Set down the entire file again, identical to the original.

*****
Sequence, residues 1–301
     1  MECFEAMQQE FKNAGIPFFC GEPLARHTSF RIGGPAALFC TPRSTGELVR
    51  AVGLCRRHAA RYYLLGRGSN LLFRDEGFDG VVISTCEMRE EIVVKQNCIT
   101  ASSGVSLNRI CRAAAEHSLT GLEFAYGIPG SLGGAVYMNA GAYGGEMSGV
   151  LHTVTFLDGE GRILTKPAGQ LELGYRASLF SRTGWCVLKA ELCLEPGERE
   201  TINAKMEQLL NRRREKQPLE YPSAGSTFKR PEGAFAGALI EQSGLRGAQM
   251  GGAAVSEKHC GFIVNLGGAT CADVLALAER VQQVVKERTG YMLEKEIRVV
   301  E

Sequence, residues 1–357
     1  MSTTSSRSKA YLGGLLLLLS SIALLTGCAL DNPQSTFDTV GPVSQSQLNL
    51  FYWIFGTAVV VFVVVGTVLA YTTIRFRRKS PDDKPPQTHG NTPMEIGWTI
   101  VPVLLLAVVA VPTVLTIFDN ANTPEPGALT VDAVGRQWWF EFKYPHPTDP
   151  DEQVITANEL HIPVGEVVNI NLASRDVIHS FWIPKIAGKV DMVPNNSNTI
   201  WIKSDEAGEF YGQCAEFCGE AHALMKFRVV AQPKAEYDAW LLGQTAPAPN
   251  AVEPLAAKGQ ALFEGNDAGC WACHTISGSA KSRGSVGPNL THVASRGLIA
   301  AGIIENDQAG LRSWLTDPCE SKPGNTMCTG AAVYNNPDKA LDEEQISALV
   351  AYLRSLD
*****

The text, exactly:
Sequence, residues 1–301
     1  MECFEAMQQE FKNAGIPFFC GEPLARHTSF RIGGPAALFC TPRSTGELVR
    51  AVGLCRRHAA RYYLLGRGSN LLFRDEGFDG VVISTCEMRE EIVVKQNCIT
   101  ASSGVSLNRI CRAAAEHSLT GLEFAYGIPG SLGGAVYMNA GAYGGEMSGV
   151  LHTVTFLDGE GRILTKPAGQ LELGYRASLF SRTGWCVLKA ELCLEPGERE
   201  TINAKMEQLL NRRREKQPLE YPSAGSTFKR PEGAFAGALI EQSGLRGAQM
   251  GGAAVSEKHC GFIVNLGGAT CADVLALAER VQQVVKERTG YMLEKEIRVV
   301  E

Sequence, residues 1–357
     1  MSTTSSRSKA YLGGLLLLLS SIALLTGCAL DNPQSTFDTV GPVSQSQLNL
    51  FYWIFGTAVV VFVVVGTVLA YTTIRFRRKS PDDKPPQTHG NTPMEIGWTI
   101  VPVLLLAVVA VPTVLTIFDN ANTPEPGALT VDAVGRQWWF EFKYPHPTDP
   151  DEQVITANEL HIPVGEVVNI NLASRDVIHS FWIPKIAGKV DMVPNNSNTI
   201  WIKSDEAGEF YGQCAEFCGE AHALMKFRVV AQPKAEYDAW LLGQTAPAPN
   251  AVEPLAAKGQ ALFEGNDAGC WACHTISGSA KSRGSVGPNL THVASRGLIA
   301  AGIIENDQAG LRSWLTDPCE SKPGNTMCTG AAVYNNPDKA LDEEQISALV
   351  AYLRSLD